The first time I ever heard Noh Mercy was on the amazing 2000 bootleg compilation LP, I Hate The Pop Group, which collected a host of obscure (esp. at the time) songs from the late 70s/early 80s post-punk DIY home-recorded tape-trading zeitgeist. Every single track on there has something to twist your head into a knot. Halfway through the first side you are confronted with a lone drum kit pounding out a catchy drum figure. Just when you expect a guitar, or a bass, or a keyboard, to enter the mix, a siren-like voice cuts through the tape hiss: “I don’t wanna be politically correct/I don’t need no Caucasian guilt/I never cooked no Jews/I never took no Indian land/I never made no black my slave/I never dug no Latino’s grave!”
Don’t hold back, lady! Who needs metaphor? But it ends with a utopian optimism: “I don’t need no Caucasian guilt/I’m ready for a brand new race!/One concerned with the way you move/not the arrangement of your face.” This bracing cut originally appeared on the classic double 7” Earcom 3 comp (along with groups like DAF and Middle Class). Needless to say, I was in love. But it took until over a decade later til I (or anyone really) would be able to hear a full album’s worth of material from the two mercurial ladies who made up Noh Mercy. Potent, challenging, and eviscerating, Noh Mercy can hold their own with most any NYC No Wave act. They are a shining example of the still-little-known SF art-punk underground. But that’s all changing thanks to Superior Viaduct, a San Francisco-based reissue label focusing on lost (or never happened as is the case here) treasures of San Fran’s unheralded art-punk scene. This deluxe first-issue is beautifully done; from its striking cover to the informative and scene-setting oversized booklet that accompanies the album. Featuring reminisces by both the beat (Tony Hotel) and the voice (Esmerelda), there’s much to learn here. These ladies lived hard, and the music conveys the struggle and tension they worked through in their day-to-day existence. Whether it’s a deconstruction of the Beatles’ “Girl,” or the waves of noise that pulse through “Lines,” Noh Mercy were always challenging themselves and their audience.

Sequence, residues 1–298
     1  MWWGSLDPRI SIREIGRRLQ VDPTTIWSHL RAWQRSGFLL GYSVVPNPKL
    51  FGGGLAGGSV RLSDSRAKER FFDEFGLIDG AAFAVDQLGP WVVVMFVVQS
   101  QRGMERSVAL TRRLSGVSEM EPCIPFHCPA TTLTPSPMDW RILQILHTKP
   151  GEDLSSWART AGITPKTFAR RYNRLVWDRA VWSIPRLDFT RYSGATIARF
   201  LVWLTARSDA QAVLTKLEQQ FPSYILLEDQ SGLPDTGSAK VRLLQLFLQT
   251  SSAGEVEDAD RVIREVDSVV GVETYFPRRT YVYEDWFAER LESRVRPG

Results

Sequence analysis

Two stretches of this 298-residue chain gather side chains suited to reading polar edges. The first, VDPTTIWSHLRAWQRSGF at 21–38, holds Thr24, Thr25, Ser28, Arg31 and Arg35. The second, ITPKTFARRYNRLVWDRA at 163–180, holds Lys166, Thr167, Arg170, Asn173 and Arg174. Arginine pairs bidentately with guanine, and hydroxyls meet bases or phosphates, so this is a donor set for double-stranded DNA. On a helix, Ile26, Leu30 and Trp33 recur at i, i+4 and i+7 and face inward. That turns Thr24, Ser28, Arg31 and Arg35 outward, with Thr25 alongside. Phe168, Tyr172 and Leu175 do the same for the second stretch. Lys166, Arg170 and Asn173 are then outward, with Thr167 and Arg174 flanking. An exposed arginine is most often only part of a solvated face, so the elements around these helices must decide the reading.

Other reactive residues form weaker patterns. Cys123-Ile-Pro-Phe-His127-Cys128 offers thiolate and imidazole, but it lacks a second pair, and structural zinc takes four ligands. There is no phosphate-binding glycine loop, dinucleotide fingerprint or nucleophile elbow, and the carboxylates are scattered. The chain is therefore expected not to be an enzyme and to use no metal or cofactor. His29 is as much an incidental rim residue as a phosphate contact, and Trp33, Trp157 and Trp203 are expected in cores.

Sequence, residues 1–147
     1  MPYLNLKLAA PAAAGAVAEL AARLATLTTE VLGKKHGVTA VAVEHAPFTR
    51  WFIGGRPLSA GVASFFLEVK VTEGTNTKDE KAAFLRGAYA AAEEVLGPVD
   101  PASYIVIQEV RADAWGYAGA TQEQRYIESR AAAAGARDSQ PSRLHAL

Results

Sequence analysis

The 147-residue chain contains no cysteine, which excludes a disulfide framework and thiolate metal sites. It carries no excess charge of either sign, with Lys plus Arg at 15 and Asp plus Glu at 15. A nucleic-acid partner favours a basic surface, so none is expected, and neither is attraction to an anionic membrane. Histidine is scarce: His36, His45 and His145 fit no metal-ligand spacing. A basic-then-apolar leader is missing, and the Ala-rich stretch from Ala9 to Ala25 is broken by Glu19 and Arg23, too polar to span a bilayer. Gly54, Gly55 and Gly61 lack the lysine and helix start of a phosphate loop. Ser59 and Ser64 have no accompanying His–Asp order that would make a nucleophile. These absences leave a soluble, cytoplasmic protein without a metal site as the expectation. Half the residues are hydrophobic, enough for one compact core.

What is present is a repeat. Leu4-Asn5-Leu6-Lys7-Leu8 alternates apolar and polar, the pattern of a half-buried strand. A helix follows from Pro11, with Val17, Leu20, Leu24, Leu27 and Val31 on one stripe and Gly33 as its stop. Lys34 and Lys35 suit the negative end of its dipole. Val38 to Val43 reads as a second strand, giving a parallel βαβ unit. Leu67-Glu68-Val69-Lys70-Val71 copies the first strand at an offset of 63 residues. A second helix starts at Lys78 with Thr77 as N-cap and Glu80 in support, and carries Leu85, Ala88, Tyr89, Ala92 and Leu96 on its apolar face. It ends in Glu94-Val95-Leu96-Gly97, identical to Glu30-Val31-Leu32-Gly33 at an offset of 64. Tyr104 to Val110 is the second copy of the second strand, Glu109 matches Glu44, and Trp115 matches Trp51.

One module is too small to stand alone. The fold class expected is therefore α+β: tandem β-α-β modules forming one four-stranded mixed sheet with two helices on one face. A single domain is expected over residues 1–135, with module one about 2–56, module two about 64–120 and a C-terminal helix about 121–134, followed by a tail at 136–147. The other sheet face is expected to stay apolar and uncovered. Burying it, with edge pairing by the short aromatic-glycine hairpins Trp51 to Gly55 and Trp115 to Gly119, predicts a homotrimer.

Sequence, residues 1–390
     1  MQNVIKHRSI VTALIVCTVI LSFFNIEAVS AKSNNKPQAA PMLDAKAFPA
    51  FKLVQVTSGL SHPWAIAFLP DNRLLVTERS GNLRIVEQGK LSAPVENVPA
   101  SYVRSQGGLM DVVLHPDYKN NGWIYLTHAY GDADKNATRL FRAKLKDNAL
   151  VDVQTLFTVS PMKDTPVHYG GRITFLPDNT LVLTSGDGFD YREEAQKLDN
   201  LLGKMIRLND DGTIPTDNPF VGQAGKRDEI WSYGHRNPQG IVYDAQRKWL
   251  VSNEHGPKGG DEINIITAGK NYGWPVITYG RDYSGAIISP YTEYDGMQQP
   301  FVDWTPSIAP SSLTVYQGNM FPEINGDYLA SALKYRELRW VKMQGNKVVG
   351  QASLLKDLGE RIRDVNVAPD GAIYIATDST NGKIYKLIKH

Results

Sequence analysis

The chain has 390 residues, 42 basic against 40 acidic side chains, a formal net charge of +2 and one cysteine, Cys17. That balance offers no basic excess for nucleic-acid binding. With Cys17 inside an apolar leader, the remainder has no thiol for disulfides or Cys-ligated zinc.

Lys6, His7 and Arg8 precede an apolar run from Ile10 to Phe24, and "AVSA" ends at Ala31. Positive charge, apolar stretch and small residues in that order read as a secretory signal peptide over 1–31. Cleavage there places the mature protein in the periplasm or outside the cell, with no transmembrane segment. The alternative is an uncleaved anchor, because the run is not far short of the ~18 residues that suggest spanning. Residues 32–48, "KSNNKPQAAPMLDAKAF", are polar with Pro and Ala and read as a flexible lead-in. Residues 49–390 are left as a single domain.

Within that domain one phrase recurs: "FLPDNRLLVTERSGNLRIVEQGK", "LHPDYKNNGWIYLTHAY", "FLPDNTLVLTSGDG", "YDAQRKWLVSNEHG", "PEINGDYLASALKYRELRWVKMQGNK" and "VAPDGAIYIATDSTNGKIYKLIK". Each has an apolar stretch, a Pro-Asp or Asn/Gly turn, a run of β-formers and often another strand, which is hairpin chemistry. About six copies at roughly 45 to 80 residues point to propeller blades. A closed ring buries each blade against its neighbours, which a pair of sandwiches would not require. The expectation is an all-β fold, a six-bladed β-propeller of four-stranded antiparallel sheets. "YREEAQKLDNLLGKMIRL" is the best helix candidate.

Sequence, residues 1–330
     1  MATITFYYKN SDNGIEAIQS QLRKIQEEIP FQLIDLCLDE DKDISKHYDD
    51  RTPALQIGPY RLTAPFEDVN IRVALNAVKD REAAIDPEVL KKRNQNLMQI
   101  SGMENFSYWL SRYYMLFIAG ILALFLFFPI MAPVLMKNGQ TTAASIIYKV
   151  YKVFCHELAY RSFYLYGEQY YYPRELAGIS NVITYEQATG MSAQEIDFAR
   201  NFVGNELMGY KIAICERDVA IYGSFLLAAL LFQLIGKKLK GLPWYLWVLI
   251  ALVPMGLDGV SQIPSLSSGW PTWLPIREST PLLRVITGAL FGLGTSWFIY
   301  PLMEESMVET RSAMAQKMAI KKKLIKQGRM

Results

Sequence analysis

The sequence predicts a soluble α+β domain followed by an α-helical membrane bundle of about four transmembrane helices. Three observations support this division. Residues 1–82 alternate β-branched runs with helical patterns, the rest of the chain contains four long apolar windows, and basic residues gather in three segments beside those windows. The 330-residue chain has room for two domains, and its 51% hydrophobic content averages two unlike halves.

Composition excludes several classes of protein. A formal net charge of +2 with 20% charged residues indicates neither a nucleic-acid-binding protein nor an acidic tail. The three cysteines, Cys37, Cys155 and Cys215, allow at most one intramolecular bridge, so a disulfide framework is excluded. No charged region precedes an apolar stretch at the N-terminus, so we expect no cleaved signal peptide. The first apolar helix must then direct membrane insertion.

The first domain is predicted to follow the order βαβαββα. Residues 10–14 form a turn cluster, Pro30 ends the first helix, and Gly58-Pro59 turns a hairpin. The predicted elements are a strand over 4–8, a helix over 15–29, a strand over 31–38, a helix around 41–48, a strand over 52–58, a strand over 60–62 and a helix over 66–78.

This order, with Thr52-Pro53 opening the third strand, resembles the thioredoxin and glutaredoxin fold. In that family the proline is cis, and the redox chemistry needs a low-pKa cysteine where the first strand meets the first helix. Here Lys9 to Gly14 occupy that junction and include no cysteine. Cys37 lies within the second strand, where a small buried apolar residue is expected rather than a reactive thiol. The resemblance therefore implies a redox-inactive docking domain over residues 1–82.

Side two opens with their other Earcom cut; “Revolutionary Spy” is a showcase for Hotel’s drumming (also credited with “hubcap, anvil, ball-peen hammer”) and Esmerelda’s cunning lyrics. It’s not all wailing and banging with these ladies. “Bloodhound Blues” has funky new wave keyboards, and the synth touches on “Cross the Line” and “The Meek Shall Inherit the Mess” suggest a future direction that the band never realized, unfortunately. It may have taken over three decades, but there is finally a Noh Mercy LP, and I suggest you pick it up while you are able.  [Superior Viaduct; www.superiorviaduct.com]

CIRCLE X  “Heartbreaker” b/w “Look at the People” 7”

Circle X was a fascinating band. They moved through all sorts of scenes, cities, and situations fluidly, like a ghost, a wraith. First wave Kentucky punk, unheralded No Wave outsiders, French patronship, mover/shaker art-world ties; all the while experimenting with crushing, collapsing art-punk that walks an invisible line between rock n’ roll and high-minded aspirations, both sonic and conceptual.
The story behind what became Circle X’s first vinyl release (in a paltry number of 200 copies) is almost a piece of conceptual art in itself. Too long to go into here, but the informative liner notes detail exactly how and why the music turned out the way it did, and also the novel way the records were distributed (part of a European art zine). So, for their first record, Circle X was an entirely different band than what it actually was; yet, they still sound like nothing but Circle X.